Divergent by Veronica Roth. What am I missing?

As much as I try to read those "next big thing" novels, I sometimes miss reading the hot commodities before they grow cold. I also very rarely buy books, borrowing from the library or waiting for a good used sale. But Divergent by Veronica Roth has so much buzz that I felt inadequate by not having read it. So when it called to me from the Target bookshelf on Friday, I tossed it into my cart. Friday night it started off good; Saturday I began to ponder its uniqueness; Sunday I wondered if I would ever invest in any of the characters. On Monday, I threw in the towel and skipped from mid-book to last chapter so I could just get it over.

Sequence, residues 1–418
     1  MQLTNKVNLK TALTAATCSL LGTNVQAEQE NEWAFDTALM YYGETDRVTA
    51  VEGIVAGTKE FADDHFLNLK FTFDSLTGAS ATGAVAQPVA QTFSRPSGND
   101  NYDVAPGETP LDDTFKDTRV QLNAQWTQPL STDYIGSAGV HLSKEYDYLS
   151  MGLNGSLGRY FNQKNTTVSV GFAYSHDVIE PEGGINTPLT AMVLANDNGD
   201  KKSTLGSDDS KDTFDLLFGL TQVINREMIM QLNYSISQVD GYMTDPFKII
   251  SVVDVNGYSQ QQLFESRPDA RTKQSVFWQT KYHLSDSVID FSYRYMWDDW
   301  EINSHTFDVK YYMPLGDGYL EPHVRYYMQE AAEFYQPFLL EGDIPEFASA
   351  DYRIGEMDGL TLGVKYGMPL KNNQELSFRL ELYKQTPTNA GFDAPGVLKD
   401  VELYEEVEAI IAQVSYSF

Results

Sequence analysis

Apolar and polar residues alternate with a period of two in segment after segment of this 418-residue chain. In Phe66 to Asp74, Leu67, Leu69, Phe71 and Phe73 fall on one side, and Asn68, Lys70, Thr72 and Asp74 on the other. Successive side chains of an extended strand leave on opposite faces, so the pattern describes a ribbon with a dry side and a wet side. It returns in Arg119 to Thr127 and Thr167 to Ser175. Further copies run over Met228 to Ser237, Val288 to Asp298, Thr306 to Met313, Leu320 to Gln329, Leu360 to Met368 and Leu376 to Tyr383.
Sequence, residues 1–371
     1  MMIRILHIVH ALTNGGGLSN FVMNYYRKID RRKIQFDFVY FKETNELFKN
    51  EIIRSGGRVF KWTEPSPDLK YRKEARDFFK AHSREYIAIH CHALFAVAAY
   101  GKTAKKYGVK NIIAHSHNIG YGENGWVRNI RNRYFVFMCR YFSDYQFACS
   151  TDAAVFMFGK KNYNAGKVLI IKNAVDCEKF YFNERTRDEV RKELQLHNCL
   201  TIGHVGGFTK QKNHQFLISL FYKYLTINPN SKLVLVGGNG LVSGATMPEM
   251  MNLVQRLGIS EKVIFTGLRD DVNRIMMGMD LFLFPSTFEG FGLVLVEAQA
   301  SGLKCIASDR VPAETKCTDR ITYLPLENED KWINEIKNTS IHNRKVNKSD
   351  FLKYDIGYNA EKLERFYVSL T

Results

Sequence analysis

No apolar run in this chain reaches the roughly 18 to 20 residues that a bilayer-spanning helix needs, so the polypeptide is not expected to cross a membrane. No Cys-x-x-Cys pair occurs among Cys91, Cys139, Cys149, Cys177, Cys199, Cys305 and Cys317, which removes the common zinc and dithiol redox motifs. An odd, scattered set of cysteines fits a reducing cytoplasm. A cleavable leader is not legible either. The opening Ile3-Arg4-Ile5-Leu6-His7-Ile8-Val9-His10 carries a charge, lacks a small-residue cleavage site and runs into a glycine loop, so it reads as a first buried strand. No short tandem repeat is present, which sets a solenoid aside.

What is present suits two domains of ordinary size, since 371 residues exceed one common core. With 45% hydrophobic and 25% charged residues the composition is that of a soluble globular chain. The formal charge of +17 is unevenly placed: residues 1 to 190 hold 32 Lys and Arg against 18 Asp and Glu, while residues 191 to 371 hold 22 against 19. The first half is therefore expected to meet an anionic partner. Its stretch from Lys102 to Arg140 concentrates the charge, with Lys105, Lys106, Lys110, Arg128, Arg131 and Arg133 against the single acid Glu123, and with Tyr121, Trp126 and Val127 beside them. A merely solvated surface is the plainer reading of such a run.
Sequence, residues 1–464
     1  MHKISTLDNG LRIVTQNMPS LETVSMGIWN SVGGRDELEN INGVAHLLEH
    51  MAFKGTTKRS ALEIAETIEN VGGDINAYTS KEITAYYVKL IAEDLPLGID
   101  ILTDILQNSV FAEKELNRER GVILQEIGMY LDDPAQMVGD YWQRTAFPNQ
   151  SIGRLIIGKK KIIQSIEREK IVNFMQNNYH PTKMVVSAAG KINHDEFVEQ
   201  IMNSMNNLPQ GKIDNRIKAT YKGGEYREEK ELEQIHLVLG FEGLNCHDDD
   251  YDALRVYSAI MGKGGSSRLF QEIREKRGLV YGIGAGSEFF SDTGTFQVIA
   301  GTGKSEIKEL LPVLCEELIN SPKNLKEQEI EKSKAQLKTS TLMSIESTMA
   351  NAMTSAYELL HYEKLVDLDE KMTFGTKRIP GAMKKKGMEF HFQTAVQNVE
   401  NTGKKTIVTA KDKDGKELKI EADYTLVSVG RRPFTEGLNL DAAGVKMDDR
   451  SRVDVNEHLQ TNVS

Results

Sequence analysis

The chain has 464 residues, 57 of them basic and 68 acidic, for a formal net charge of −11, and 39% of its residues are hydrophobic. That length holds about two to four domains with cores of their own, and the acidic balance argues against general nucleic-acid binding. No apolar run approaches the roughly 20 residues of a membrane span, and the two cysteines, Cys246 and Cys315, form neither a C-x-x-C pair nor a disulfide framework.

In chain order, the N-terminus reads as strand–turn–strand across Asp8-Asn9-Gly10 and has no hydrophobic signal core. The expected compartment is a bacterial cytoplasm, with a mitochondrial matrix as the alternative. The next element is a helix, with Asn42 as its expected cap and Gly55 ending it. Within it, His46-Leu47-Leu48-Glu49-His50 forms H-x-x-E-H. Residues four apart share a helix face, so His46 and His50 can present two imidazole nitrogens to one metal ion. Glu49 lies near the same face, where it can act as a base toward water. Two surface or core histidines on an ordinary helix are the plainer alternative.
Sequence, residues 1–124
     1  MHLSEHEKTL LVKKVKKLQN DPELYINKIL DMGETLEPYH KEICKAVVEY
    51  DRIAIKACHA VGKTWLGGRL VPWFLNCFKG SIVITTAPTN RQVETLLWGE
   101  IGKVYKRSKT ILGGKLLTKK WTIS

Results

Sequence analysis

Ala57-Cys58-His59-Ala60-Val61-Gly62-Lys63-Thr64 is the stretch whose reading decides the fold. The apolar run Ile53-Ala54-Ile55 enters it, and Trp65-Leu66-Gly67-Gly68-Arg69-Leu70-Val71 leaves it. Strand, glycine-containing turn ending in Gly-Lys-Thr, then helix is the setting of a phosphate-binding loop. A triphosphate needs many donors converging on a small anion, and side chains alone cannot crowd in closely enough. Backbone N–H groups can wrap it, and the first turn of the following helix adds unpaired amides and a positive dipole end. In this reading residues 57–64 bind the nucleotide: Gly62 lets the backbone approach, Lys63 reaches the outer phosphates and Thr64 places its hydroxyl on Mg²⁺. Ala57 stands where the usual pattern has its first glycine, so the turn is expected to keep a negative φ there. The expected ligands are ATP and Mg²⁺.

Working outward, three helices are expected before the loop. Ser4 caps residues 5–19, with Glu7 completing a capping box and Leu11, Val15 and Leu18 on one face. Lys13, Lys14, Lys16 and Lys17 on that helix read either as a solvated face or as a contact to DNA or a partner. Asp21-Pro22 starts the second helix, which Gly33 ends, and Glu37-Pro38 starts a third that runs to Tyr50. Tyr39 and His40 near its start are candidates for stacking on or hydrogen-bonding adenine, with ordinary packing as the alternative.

My problem? It's prescriptive and not unique. Prescriptive in the formula of adolescent breaks away from parents, faces adversity, meets romantic interest, becomes an adult. This I could give a pass, after all we can assign this formula to many kid lit classics. However, there isn't a unique page in this book. The protagonist, Beatrice, is underdeveloped. Her cohorts off-putting by their very nature. Big themes are never really developed and opportunities to expand either character or theme are brushed aside in favor of moving on to the next scene.

The New York Times' Review by Susan Dominus probably said it best, "For a book that explores themes about the right to be individual and the importance of breaking away from the pack, “Divergent” does not exactly distinguish itself"

This is a genre book for students who like dystopian stories. But make sure they've read The Giver or The Hunger Games before you send them off with this formulaic rip-off.